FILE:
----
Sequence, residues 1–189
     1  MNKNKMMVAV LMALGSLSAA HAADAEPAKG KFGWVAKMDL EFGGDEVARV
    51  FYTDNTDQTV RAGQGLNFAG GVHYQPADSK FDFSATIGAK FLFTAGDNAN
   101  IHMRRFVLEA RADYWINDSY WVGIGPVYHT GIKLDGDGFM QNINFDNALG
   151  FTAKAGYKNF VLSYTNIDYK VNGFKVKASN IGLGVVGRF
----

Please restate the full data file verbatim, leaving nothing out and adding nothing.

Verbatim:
Sequence, residues 1–189
     1  MNKNKMMVAV LMALGSLSAA HAADAEPAKG KFGWVAKMDL EFGGDEVARV
    51  FYTDNTDQTV RAGQGLNFAG GVHYQPADSK FDFSATIGAK FLFTAGDNAN
   101  IHMRRFVLEA RADYWINDSY WVGIGPVYHT GIKLDGDGFM QNINFDNALG
   151  FTAKAGYKNF VLSYTNIDYK VNGFKVKASN IGLGVVGRF